The first part in setting up one of these systems in 2020is choosing which core platform to go with that all of your smart devices willtalk to and will be the central point of control for your smart home.

The majormainstream platforms you can choose from out there are Amazon's Alexa devices, Google's Google Assistant devices, or apple's HomeKit-enabled devices.

Thereare others though like Samsung SmartThings, but I would consider Amazonand Google to be ahead in this space because of the dominance of their voiceassistant platforms.

Now luckily in 2020, most smart home devices now work withboth Amazon and Google's platforms and a lot of devices also work with Apple'sHomeKit.

Apple is actually the company that is going to gain the most out of anew alliance that was announced late last year between Amazon, Apple, Google, and ZigBee, called Connected Home Over IP.

This Alliance hopes to form a commonstandard for the smart home which should make the ecosystem as a whole lessfragmented, however, it will take years for this alliance and their new standardto be implemented, which is why my advice right now is to still go with Amazon orGoogle in 2020.

If you already have a lot of Apple devices though and want to stayin their ecosystem, that's certainly a reason to stick with HomeKit.

Ipersonally use the Google Assistant to run my smart home.

I do have Alexa andSiri / HomeKit as well so I could use any of the assistants, but Itypically find that the Google Assistant is more useful for my needs.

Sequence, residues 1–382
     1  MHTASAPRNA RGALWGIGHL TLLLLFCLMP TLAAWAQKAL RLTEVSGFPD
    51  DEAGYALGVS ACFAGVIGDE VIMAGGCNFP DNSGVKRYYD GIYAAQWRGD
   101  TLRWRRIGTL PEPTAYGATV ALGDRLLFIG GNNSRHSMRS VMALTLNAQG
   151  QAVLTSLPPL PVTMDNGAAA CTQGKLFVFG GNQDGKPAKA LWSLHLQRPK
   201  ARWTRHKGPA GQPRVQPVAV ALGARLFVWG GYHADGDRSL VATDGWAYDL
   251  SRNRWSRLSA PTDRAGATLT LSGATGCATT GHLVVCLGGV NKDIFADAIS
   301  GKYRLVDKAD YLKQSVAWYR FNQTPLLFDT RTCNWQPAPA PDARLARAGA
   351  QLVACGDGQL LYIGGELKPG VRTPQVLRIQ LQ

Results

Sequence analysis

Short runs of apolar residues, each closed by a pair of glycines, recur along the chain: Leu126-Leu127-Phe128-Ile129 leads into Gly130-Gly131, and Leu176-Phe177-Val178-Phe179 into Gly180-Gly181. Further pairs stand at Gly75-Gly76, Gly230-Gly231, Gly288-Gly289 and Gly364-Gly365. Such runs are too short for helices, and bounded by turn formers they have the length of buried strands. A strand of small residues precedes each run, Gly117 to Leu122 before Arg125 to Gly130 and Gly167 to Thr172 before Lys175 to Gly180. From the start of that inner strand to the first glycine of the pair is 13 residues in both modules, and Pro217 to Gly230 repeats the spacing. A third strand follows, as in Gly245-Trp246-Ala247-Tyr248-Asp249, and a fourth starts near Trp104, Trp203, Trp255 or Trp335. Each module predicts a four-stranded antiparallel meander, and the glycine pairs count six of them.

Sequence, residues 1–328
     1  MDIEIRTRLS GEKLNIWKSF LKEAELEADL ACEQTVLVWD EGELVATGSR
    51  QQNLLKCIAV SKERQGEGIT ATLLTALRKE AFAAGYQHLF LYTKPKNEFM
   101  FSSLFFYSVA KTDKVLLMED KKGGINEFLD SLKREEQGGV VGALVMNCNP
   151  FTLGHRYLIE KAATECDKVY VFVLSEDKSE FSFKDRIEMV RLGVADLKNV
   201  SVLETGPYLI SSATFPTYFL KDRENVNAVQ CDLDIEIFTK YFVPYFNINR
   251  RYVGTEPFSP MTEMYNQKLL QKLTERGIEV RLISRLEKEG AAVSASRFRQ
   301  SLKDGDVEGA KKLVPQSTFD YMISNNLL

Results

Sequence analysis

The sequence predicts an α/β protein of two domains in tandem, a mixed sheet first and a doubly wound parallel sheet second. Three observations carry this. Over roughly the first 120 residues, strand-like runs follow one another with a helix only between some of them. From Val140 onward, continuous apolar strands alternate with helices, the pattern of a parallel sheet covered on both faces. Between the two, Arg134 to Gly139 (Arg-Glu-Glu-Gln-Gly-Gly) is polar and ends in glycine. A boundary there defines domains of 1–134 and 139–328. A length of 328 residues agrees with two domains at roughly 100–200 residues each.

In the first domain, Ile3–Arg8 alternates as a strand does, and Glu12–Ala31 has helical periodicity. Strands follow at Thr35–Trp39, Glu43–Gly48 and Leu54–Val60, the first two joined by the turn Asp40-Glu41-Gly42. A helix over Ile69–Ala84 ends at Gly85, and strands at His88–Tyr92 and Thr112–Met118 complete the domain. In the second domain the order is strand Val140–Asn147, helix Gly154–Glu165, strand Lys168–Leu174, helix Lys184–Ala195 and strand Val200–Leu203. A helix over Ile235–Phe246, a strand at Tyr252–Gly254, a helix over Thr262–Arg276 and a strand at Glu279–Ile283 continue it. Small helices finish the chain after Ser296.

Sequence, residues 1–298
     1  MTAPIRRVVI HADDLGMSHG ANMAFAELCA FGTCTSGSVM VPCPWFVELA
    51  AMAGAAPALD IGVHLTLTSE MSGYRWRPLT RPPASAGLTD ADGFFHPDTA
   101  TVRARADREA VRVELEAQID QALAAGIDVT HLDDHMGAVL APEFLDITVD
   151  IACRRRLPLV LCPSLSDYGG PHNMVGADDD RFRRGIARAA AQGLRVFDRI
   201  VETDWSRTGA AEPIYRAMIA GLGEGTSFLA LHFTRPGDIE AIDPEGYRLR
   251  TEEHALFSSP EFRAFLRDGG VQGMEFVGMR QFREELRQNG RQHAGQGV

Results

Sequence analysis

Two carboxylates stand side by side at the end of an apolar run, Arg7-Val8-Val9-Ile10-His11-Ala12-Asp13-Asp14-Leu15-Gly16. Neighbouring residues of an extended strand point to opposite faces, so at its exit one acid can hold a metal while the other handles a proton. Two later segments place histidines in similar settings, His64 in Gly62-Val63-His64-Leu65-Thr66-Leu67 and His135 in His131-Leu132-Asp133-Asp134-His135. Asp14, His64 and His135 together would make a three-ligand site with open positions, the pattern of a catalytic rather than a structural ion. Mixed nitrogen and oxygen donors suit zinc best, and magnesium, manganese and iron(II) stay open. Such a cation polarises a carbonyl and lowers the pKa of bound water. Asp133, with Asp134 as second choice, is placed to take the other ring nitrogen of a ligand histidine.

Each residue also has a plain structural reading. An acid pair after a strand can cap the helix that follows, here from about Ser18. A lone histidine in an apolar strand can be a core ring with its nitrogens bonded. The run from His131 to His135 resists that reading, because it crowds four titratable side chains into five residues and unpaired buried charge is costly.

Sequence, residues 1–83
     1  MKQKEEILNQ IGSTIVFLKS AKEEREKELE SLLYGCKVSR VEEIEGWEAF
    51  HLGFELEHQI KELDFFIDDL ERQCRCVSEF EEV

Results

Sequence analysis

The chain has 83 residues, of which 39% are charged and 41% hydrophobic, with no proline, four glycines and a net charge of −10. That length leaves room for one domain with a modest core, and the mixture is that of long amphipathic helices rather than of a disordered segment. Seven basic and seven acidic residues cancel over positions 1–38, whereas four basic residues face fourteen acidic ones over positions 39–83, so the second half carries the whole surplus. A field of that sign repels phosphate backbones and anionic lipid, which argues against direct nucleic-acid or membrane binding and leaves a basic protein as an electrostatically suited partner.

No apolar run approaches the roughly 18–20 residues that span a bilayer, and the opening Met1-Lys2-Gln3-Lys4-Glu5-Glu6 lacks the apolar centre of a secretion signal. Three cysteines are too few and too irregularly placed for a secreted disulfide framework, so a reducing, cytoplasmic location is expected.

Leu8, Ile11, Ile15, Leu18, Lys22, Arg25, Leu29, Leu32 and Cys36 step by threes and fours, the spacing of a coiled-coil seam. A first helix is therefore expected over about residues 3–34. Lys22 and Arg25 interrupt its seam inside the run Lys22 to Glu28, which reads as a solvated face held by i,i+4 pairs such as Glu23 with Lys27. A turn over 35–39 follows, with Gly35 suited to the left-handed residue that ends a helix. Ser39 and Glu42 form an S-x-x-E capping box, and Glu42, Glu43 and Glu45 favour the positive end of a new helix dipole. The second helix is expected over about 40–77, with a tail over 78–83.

Once youdecide which core platform is right for you torun your smart home, now it's time to talk about the devices that actuallymake your home a smart home.

Typically you can divide the types of devices intoseveral main categories including: music, media, lighting, climate, security, andappliances / accessories.

First let's look at music with whole home audio.

Thisfunctionality allows you to play different music in different parts ofyour home.

Now typically through a voice assistant.

You have various options here.

Amazon, Google, and Apple, all make their own speakers that natively play musicfrom various music streaming services.

There are also third-party speakers andsystems you can buy from companies like Sonos and Bose that can work with allthree companies' platforms.

Some Bose and Sonos speakers will even allow you tohave Alexa and the Google Assistant directly on their speakers.

We've donereviews on quite a few smart speakers including the Google Nest Mini, Nest Hub, Nest Hub Max, Google Home, Google Home Max, and Amazon Echo.

The Nest Hub, NestHub Max, and Amazon Echo Show have the added benefit of having a screen on themas well, which makes controlling your media as well as your other smart homedevices even easier.

If you're interested in learning more about these devices, I'lllink our videos about them in the description below.

Next, let's take a lookat controlling your media rooms within your smart home.